He said African politicians should not wrestle for power with older politicians who have experience in politics.
"Rupiah Banda is another product of the political system, he is not a stranger, he is not an alien like the others who jump, within one year they want to be president. And we watch them, we know them, they can never be," said Munkombwe.
President Mugabe was in Livingstone on Tuesday for about six hours, within which he officiated at the Lwiindi lo Kuzyola Mukuni Ng'ombe ceremony of the Toka Leya people of Livingstone and Kazungula districts.
Written by Christopher Miti in Chipata
Friday, July 10, 2009 4:36:07 PM
THE UNIP Revival Forum has urged its members in Chitambo to rally behind the UPND-PF pact candidate Chanda Mutale in next month’s parliamentary by-election.
Forum national vice chairperson Timothy Nyirenda said his team supported PF during last year’s presidential elections and that it would be ideal for its members to support the PF/UPND pact because UNIP’s revival forum had not fielded any candidate.
“In as far as we are concerned, the true UNIP has not fielded any candidate, that candidate that had been fielded there is for Tilyenji Kaunda and his team and not for us. I think the fielding of that candidate is only meant at embezzling funds,” Nyirenda said.
Earlier, Nyirenda said it would be good for the opposition to win the Chitambo seat.
“It will bring a lot of confidence to the UPND-PF pact if they win this election…it will be a good start for them, but as the opposition, we will be very happy if this seat is won by the opposition and not MMD,” said Nyirenda.
Four candidates last Wednesday successfully filed in nomination papers in readiness for the Chitambo by-election. The four candidates are from the UPND-PF pact, UNIP, FDD and MMD.
The Chitambo parliamentary seat fell vacant after the death MMD’s Nassim Hamir early this year.
Written by Editor
There will be no future development for our country without healthy citizens. And one cannot claim to uphold the sanctity of life if there is no provision for minimal health care for all. Every citizen of this country should have the chance to enjoy the well-being necessary for their full human development.
It is very sad to be told by our Minister of Health, Kapembwa Simbao, that the nation is facing a serious crisis because donors have suspended funding to the Ministry of Health. Is Simbao telling us that the healthcare, the welfare of our people was totally left in the hands of donors; it has been donors paying for our people’s health?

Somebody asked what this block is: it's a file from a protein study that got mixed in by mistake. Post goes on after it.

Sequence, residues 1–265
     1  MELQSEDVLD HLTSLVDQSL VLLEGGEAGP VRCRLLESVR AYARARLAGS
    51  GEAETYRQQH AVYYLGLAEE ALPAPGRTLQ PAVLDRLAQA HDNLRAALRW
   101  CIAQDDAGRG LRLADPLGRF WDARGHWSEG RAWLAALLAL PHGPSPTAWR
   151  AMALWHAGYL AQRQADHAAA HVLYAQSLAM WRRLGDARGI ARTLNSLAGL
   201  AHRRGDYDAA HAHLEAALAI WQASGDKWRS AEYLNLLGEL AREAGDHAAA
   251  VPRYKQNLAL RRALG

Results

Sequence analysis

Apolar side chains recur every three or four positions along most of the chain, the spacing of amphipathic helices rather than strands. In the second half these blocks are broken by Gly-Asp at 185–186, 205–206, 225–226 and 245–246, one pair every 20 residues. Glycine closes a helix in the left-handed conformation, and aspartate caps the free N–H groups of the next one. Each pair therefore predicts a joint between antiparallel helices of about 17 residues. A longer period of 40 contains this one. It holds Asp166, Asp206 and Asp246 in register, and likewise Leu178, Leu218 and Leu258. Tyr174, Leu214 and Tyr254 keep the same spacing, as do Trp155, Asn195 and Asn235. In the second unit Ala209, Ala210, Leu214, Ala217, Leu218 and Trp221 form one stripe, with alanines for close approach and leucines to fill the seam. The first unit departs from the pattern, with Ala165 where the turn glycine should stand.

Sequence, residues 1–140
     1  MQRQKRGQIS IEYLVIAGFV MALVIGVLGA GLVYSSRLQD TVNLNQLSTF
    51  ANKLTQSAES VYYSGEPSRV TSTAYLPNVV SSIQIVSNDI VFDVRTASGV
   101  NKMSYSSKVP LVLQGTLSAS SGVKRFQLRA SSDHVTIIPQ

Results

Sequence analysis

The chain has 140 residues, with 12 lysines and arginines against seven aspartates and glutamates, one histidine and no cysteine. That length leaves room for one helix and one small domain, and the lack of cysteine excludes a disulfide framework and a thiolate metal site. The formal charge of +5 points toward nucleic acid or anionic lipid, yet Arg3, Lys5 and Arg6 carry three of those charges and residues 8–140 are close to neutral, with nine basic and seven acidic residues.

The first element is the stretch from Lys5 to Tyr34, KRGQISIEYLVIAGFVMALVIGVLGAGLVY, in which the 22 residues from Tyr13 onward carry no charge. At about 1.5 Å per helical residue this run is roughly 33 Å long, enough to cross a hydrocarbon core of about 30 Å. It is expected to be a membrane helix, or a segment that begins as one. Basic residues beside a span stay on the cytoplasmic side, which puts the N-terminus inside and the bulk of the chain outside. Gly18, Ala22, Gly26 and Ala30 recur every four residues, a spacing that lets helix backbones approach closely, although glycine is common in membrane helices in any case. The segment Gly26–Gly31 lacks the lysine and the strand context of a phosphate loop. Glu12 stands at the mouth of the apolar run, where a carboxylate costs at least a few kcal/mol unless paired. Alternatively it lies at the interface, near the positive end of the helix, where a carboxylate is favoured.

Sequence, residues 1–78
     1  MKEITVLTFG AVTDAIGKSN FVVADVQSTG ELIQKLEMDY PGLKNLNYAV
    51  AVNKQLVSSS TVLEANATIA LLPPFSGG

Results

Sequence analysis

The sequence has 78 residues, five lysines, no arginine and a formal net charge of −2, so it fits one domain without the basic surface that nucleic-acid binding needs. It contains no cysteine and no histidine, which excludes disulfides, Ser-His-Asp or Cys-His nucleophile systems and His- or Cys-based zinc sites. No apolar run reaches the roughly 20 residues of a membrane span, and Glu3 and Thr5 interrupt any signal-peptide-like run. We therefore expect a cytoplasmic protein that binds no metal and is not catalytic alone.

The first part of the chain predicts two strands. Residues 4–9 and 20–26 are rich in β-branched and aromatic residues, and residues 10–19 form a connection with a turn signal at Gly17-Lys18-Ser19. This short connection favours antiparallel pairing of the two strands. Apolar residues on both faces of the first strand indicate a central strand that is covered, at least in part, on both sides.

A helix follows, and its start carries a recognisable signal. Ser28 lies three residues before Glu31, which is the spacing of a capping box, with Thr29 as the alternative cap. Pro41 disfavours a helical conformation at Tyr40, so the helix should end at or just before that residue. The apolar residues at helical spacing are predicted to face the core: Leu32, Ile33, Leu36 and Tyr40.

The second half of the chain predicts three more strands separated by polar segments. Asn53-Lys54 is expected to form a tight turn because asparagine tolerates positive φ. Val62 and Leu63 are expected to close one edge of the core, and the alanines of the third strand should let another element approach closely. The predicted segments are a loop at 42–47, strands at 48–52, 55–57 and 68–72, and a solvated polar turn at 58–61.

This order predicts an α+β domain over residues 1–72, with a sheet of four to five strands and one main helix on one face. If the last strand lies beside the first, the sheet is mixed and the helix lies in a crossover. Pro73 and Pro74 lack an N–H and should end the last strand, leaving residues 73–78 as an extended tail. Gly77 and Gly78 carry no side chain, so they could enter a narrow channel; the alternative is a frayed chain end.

Reacting to donors’ suspension of funding to the Ministry of Health, Simbao says: “It is not right, first of all, we are dealing with people’s lives here and you know like you promising me to give me a meal every day and because I make a mistake, you throw your meal when you know I have nowhere else to eat from. It can kill me and basically this is what it is doing.
The people who have decided to withhold their money, if they don’t know, this problem can explode and not just on government but on the country as a whole because people must know that in reality, it is not government that stole the money, it is some unscrupulous people who by their own and selfish means decided to deprive not just government but the people of Zambia of this very important money.
And now they are being punished twice, it is not right. This has brought a lot of untold suffering, we are failing to meet our responsibility, you know like a parent failing to take care of the children, it is very shameful, that’s the situation but the reason is that we knew the money will come, we never thought after somebody promising then one day they will say they can’t give it to us. I don’t think that is right. Then they will know, that look there is no money to expect and this and this must be stopped but not when you had planned for everything. Planning takes into account their promises and then they withdraw their promises, it is not right. I think once the people know where they come from, once the people know what they have done to the Zambian people, I don’t think this will be accepted.”